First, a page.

First of all, I definitely think it’s possible. The perch from which I sit is having gone up against a bunch of SOB employers in long-shot campaigns that were like, “Whatever, go have fun over there.” If we did look back at the Walmart attempts, they were just all wrong. I don’t like to spend my time reading about failure. It’s actually not what I do. But all of the attempts were with Walmart retail stores, which was never the strategy that was going to work. It had to be the warehouses. It had to be the transport system. On the retail side, they can replace those workers a dime a dozen — by tomorrow.
The part of this rank-and-file strategy that is just “go get jobs” [in order to organize] is flawed — I could care less if twenty thousand people took jobs if they don’t know what they’re doing. That’s where projects like EWOC come in: among many other reasons, it’s to help people actually learn the skills, so they start thinking about strategic sectors and choose specific campaigns. People have to learn how to organize and stop romanticizing the idea that people just rise up. Because they don’t, and they haven’t historically. There are too few spaces for people to learn how to, which I’m trying to change.
With Whole Foods specifically, you have to look at where the choke points are in the supply chain. Bezos has destroyed Whole Foods enough that this sort of loyalty to the original owner, that sheen, is off. But the biggest question is about method and approach. Whatever receptor we’re going after, we need to know how to do it. There is discipline. But also there is understanding that there are plenty of workers inside every workplace who do not come out of a left tradition, who actually do want to win, and who are very capable and natural leaders. The organizer’s job is to identify them and help them succeed.
Speaking on strategic organizing decisions made to gain leverage on the employer, let’s talk about your Stamford, Connecticut, organizing project twenty years ago, which was a really good example of a collaborative process between multiple unions that was community based and across multiple sectors. Do you feel like that collaborative process is missing in the movement right now? Could we be using that?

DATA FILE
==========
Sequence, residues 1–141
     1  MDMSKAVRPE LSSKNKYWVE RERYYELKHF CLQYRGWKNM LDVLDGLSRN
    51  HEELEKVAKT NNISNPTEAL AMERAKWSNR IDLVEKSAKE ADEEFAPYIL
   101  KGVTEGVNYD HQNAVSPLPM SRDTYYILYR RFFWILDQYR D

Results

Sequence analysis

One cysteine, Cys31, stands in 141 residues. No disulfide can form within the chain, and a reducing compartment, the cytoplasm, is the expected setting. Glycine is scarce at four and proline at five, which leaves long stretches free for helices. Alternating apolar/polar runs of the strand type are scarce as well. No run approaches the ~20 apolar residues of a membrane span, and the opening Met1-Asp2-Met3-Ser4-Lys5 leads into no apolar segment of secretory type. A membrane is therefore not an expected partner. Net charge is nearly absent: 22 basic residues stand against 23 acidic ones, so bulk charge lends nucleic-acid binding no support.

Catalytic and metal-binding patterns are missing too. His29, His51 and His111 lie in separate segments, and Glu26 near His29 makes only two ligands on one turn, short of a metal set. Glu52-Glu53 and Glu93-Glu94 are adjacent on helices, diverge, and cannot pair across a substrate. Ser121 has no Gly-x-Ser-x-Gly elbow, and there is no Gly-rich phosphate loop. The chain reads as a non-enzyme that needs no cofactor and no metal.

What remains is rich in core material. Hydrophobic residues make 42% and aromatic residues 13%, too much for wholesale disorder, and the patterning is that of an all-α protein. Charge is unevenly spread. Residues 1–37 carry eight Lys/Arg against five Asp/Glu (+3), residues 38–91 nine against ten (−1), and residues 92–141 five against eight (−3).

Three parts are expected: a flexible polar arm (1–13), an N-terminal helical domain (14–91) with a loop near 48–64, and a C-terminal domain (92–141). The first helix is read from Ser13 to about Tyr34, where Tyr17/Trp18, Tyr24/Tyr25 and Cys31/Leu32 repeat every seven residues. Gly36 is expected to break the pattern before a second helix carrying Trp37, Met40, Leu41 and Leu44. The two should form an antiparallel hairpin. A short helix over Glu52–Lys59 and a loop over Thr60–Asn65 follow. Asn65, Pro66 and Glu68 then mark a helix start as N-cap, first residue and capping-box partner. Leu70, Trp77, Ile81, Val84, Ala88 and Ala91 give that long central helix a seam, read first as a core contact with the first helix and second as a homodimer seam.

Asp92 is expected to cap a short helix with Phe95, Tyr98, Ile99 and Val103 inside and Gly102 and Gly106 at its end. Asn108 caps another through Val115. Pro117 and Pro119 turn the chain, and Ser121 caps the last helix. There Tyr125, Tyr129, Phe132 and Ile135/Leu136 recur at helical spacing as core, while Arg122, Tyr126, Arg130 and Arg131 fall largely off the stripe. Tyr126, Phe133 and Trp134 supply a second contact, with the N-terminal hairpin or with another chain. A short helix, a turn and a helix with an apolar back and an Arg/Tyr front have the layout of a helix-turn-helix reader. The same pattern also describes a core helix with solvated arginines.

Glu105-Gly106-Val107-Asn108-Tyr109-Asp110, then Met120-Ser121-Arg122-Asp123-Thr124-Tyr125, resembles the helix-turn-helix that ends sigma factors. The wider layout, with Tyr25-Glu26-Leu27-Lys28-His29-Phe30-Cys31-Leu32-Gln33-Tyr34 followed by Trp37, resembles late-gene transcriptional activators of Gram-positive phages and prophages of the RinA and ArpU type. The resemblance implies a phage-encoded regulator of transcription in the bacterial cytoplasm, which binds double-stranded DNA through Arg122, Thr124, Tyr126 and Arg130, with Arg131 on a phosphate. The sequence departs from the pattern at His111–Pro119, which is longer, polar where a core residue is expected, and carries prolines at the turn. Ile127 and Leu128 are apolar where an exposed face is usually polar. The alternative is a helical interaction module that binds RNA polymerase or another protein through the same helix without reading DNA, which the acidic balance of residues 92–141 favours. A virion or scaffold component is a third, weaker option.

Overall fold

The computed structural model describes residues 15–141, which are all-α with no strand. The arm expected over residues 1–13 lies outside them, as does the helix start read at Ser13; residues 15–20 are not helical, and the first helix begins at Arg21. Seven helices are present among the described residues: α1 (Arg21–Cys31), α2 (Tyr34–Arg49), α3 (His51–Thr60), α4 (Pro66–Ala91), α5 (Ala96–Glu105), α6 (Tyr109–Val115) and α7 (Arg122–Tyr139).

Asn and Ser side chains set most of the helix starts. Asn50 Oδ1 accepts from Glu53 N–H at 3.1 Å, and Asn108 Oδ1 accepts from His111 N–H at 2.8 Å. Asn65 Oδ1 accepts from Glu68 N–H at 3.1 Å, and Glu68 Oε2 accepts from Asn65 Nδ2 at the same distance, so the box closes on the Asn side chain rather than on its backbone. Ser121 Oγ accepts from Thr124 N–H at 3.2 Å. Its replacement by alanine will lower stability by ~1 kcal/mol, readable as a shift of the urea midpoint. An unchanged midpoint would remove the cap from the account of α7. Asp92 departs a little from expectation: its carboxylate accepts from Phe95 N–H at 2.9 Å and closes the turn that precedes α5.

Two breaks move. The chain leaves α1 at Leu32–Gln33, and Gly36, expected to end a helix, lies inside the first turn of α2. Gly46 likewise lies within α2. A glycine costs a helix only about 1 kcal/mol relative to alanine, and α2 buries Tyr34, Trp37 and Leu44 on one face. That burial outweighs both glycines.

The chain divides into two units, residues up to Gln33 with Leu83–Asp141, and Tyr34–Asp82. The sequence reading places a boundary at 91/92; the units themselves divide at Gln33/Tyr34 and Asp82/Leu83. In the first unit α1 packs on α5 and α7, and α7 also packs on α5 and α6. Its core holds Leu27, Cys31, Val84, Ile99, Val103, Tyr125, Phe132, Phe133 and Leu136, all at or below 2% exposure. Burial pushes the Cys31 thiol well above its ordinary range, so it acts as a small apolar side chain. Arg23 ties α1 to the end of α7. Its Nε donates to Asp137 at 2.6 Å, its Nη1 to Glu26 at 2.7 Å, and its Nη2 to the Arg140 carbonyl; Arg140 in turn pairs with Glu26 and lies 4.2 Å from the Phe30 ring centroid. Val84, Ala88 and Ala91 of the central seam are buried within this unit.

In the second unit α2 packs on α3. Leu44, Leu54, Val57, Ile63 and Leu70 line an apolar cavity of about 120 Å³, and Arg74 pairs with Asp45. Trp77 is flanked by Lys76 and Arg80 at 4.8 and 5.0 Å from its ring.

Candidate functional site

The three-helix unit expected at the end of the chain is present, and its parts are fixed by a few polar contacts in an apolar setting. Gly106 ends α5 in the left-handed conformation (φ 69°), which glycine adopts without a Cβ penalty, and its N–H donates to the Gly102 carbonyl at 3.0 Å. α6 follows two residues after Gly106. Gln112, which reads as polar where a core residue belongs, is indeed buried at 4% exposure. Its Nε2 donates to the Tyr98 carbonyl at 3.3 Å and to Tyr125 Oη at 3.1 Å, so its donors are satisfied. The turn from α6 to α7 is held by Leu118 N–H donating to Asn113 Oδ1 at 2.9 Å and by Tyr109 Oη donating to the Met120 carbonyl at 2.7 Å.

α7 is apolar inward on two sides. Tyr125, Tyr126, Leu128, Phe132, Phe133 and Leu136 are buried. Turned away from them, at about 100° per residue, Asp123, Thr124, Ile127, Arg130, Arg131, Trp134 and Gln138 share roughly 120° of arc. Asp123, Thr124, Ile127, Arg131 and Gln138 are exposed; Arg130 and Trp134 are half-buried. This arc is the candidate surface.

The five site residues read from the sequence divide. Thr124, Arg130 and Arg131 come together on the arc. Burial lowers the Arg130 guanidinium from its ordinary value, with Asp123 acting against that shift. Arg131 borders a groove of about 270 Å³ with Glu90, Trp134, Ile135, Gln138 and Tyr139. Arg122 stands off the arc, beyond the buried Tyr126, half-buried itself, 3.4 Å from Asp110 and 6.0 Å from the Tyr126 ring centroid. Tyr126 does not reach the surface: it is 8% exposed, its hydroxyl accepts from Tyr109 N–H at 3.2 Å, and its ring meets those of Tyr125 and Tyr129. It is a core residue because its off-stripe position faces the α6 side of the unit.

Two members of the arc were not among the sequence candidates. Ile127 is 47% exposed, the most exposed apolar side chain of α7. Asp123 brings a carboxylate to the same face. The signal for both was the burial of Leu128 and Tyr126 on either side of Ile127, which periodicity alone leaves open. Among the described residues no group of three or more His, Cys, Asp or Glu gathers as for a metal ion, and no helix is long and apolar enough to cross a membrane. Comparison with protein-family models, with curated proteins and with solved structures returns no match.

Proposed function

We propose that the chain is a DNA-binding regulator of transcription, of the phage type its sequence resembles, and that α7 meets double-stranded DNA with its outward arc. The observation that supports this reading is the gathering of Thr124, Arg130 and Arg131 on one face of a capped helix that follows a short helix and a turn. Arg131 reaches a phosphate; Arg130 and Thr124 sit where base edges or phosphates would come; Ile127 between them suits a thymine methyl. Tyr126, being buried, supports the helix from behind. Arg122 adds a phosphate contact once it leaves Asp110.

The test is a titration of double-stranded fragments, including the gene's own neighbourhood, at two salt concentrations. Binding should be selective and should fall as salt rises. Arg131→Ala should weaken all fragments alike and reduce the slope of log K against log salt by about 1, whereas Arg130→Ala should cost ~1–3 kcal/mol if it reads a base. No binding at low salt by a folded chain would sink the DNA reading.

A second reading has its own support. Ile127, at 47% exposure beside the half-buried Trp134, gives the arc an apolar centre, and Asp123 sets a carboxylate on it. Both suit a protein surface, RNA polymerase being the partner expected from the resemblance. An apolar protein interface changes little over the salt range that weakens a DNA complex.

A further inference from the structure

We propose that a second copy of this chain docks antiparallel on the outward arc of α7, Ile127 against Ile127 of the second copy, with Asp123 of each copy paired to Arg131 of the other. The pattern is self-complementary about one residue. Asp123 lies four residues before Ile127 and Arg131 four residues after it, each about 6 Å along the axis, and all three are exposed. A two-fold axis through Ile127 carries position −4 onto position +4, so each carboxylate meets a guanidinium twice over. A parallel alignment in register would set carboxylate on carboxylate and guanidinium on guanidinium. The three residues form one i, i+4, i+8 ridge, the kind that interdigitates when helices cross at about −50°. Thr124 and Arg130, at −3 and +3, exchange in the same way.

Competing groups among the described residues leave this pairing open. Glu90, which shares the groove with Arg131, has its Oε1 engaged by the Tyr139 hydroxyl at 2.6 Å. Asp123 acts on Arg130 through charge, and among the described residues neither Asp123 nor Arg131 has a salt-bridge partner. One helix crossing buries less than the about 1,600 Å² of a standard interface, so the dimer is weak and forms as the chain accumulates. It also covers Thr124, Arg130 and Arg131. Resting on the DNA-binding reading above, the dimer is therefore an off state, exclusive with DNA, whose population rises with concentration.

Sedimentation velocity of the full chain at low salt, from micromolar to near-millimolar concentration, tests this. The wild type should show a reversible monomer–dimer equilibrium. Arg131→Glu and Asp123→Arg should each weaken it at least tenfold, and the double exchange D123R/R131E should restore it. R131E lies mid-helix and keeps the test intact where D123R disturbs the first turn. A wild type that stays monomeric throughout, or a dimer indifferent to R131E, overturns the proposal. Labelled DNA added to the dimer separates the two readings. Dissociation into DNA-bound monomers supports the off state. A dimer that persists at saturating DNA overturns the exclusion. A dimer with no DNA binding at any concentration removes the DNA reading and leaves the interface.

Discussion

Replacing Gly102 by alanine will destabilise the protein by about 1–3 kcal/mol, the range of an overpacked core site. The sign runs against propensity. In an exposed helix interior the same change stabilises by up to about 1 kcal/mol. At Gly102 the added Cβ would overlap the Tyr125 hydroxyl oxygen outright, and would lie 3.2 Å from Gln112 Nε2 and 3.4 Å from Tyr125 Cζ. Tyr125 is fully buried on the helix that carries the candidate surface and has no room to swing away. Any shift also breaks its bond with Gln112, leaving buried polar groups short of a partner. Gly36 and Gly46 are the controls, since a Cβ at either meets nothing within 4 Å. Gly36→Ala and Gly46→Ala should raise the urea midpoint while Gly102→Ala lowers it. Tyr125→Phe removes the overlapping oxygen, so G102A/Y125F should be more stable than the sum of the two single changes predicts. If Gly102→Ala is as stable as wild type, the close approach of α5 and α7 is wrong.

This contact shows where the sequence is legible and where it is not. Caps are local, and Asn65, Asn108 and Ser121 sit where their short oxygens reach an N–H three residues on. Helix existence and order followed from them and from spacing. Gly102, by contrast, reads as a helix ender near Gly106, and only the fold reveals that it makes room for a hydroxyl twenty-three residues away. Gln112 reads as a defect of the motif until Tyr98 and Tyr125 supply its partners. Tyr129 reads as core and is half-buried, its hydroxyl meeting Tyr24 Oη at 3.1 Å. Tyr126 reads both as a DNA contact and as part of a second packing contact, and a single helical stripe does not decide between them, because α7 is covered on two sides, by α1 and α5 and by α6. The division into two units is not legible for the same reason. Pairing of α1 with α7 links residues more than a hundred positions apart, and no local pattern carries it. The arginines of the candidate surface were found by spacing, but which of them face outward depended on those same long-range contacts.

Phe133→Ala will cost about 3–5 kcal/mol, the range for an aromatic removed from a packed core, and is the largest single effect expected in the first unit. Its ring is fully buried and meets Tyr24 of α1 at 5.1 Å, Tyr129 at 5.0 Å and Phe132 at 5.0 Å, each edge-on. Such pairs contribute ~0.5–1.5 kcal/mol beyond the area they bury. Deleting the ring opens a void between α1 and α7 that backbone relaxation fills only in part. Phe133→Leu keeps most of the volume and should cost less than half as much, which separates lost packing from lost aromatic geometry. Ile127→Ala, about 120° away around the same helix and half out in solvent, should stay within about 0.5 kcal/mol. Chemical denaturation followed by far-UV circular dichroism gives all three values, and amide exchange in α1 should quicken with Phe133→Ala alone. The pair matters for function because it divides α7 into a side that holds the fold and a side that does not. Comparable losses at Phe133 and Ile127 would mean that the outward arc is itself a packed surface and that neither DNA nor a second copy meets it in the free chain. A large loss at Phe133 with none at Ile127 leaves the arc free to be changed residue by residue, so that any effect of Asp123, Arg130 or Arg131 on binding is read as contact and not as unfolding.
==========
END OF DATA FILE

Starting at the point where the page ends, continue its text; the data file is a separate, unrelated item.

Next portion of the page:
I love when people bring up Stamford! It was incredible in so many ways, and also an anomaly. And it shouldn’t be. It relied on geographic leverage. Stamford was about doing strategic analysis: Where are the most important places that we should go? The questions of where and why were hugely important. And with whom?
The reason we were almost shut down from day one by the national unions was because they didn’t see what the local leaders were so far ahead in understanding: the issue of a blue state with no union density in a quickly growing red region where the elected leaders in the state legislature were coming from — so blue state, but growing red region negatively impacting state policy.
The local union leaders on the state level all fought really hard. They were on to the idea that we need to do hard offense to hold defense, or else they were going to lose the state. So they came up with the idea of a collaborative campaign. As I say in my first book, it was not easy. Everyone was not in agreement every day. But then we began to turn a series of victories very quickly. If you can push through some of the early disagreements, you can begin to show a model and an approach working. It was low-wage workers in a nonunion region, in a multiunion collaboration with the idea that we were going to have to try something different than what we were used to — not different from all of history, especially in Stamford, where there was a general strike in 1946, when it was a major manufacturing sector. We were trying to draw on real-life history that was old but not dead.